The Stewardship Centre for BC released an important report today, “Reducing the Impact of Cats on Birds and Wildlife“.
The report presents findings of a public opinion poll and telephone survey about allowing cats to roam and their impact on birds and wildlife. The report also includes findings on attitudes to municipal cat bylaws and other stewardship practices at the local level.
The findings will help shape SCBC’s educational program on cats and birds.
To change behaviours, we needed to understand attitudes
Domestic cats are estimated to be one of the single largest sources of human-related bird mortality. Cats kill an estimated 100-350 million birds per year in Canada, more than all other sources of human-related activities combined.
This is due to the common practice of allowing cats to roam outside unsupervised, and to the increase in feral cat populations in urban and rural areas.
Changing the behaviour of pet owners could help to lessen this significant human-related impact on wildlife. But to change behaviours, it is important to first understand attitudes about the issue.
While the impact of domestic and feral cats on bird mortality has been documented, there have been few studies examining public attitudes towards roaming cats. To our knowledge, this is the first such study in British Columbia.
Some of our findings
- Of cat owners surveyed, less than half (48%) keep their cats indoors (see Figure 2).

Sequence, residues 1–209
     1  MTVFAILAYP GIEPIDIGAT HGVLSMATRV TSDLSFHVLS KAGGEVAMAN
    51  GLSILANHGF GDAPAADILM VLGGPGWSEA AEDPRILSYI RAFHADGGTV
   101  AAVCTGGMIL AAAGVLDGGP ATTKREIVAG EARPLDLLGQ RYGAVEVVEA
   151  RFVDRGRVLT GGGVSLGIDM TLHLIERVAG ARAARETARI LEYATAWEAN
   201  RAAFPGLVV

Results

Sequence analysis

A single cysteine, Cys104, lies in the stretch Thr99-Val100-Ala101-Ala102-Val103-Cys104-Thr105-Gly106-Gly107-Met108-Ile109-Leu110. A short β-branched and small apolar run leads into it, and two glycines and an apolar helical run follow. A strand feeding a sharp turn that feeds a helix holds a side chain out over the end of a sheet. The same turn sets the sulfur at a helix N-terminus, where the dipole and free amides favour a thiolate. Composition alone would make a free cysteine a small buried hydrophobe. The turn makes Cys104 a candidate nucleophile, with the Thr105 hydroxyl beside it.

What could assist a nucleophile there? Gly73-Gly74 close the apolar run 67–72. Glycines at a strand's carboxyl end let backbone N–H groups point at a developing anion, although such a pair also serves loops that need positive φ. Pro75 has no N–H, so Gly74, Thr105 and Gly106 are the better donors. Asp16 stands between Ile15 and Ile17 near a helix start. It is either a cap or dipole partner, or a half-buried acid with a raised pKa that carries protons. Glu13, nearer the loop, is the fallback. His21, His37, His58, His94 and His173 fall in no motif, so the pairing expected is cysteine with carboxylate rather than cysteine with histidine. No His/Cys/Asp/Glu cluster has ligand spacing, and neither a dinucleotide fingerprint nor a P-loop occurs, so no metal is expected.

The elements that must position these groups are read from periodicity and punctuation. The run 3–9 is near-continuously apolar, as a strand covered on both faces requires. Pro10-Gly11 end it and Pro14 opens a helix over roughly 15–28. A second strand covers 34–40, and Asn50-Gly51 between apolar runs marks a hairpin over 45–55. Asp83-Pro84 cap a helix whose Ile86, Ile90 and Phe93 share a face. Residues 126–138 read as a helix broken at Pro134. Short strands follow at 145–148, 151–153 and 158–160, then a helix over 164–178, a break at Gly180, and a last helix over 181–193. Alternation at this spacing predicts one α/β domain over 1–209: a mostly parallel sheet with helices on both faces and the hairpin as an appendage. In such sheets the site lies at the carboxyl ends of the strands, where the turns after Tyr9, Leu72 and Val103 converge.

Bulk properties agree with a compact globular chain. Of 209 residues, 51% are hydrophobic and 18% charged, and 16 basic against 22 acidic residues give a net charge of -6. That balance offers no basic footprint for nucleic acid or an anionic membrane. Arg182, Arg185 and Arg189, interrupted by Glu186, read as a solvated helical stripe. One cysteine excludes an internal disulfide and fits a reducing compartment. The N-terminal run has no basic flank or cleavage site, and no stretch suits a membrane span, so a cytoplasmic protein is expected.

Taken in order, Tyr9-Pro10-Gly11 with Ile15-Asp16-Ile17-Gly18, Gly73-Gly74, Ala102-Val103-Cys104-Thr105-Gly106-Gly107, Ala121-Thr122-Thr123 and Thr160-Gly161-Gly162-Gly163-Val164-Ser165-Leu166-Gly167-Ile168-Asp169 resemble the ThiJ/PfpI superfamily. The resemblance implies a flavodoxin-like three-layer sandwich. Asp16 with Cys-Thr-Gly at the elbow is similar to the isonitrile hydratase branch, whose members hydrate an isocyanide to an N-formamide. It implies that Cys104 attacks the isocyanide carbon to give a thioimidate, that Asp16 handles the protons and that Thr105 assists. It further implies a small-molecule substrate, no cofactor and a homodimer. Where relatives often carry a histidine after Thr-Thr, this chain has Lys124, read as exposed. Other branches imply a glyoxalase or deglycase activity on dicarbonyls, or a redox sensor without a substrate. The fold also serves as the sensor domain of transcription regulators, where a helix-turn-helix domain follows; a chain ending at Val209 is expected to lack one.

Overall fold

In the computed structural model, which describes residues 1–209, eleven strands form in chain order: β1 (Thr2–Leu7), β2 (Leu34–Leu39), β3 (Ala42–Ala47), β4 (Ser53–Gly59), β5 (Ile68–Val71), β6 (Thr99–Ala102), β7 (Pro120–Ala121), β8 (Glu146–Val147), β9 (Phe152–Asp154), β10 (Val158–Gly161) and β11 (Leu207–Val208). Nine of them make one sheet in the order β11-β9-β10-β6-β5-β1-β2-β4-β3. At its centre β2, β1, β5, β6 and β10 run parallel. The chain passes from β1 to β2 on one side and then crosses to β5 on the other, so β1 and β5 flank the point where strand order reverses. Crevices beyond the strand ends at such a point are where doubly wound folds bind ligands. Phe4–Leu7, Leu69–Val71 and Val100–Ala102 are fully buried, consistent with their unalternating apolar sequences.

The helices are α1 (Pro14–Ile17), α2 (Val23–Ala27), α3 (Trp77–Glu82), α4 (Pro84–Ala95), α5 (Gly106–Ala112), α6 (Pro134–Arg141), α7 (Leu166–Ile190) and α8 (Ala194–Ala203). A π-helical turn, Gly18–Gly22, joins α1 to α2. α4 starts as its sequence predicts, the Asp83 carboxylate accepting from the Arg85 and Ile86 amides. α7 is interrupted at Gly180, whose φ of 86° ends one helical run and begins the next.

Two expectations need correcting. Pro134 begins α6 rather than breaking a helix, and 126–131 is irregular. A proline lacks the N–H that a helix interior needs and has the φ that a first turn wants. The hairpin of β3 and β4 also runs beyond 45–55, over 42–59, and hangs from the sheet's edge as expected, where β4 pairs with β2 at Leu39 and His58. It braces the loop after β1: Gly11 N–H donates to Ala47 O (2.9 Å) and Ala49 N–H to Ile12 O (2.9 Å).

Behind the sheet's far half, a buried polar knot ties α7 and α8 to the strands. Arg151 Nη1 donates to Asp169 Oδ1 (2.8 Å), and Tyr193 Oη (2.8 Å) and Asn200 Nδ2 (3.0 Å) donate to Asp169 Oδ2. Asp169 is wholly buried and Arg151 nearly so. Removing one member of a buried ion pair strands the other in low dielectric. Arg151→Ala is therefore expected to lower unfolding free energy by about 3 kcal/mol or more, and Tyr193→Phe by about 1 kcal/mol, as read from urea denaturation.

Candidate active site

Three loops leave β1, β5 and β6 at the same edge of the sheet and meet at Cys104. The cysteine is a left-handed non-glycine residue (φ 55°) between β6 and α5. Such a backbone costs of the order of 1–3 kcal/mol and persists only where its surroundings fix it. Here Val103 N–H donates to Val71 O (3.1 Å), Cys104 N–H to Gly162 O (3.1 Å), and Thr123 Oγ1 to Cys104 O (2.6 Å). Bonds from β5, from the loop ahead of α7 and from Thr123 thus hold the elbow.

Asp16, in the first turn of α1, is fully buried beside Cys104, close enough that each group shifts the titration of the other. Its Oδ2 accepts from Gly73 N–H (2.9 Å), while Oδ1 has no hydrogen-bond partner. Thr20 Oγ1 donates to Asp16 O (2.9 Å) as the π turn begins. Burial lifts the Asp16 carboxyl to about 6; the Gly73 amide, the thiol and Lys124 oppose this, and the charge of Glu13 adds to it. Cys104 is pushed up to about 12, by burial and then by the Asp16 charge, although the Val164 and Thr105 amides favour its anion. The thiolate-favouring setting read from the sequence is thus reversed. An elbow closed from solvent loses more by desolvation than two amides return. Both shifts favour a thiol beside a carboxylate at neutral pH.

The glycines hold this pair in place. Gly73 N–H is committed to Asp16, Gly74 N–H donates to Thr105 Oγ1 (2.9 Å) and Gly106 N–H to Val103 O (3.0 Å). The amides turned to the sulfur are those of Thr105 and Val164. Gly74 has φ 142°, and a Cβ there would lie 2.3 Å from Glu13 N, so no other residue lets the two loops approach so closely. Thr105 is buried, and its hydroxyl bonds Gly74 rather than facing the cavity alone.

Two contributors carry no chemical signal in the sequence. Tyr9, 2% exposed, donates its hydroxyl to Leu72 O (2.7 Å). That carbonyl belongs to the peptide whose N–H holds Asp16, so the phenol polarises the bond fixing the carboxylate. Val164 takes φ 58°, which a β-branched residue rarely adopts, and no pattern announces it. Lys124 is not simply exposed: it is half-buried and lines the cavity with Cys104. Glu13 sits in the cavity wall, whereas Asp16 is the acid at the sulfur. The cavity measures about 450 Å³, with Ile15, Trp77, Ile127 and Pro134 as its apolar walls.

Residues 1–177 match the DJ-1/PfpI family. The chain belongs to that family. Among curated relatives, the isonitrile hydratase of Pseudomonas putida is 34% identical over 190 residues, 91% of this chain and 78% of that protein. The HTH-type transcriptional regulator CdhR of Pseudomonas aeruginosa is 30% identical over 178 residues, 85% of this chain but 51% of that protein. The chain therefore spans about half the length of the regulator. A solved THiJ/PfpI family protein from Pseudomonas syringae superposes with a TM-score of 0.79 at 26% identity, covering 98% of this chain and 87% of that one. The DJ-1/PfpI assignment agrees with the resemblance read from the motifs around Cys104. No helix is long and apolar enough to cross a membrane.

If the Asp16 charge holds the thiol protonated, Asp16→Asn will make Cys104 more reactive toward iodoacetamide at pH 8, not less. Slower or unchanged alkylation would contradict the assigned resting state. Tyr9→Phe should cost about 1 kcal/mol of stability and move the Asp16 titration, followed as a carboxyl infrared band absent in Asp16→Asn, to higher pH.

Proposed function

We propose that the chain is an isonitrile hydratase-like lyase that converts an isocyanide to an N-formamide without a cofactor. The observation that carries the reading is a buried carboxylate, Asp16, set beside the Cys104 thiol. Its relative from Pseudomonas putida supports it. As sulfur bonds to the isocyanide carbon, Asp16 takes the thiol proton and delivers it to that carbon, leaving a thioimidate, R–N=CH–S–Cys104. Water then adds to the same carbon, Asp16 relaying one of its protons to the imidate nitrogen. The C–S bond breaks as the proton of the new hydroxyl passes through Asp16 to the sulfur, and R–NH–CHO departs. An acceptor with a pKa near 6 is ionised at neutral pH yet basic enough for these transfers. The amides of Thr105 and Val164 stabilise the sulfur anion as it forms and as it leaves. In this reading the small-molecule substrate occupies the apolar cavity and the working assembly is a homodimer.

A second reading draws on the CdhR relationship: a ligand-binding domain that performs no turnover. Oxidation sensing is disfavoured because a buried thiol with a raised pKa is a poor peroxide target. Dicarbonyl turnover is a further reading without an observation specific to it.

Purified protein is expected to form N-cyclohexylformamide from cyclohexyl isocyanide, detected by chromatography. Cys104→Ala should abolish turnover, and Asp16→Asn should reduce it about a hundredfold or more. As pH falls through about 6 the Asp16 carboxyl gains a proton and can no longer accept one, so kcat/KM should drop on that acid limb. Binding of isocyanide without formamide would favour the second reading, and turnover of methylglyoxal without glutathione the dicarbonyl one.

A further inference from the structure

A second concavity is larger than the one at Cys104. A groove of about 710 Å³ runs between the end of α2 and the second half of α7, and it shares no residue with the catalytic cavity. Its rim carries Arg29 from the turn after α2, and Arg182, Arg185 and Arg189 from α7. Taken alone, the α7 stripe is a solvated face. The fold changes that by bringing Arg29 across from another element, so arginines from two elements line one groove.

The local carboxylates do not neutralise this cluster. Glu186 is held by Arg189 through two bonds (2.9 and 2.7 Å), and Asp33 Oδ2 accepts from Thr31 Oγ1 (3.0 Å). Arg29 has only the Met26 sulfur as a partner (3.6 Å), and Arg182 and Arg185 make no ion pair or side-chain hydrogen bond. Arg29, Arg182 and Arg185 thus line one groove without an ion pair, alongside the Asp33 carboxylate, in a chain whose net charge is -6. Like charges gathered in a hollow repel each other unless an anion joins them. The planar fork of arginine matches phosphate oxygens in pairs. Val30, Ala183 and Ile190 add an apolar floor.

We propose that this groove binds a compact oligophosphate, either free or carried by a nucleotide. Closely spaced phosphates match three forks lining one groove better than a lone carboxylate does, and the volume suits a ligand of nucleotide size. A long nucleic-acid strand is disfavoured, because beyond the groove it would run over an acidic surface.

- Amongst pet owners, 45% strongly agree or agree that cats are a significant cause of bird mortality (see Figure 7).
- The survey of local governments and cat welfare organizations revealed that few municipalities have or enforce no-roam bylaws. All community interview respondents would consider offering their support to a public education campaign.
- Local governments representatives interviewed in communities that enforce no-roam or sterilization/ID bylaws, consider the bylaws a success and see a favorable public response.
Read more about the survey results in the report.
The Stewardship Centre worked with University of British Columbia (UBC) Environmental Science students to develop and implement the public online survey and a targeted telephone interviews.
This initiative is part of a larger three-year project led by SCBC to encourage British Columbians to adopt stewardship practices aimed at reducing the impact of roaming cats on bird populations.
Learn more about our Cats and Birds work on our program page.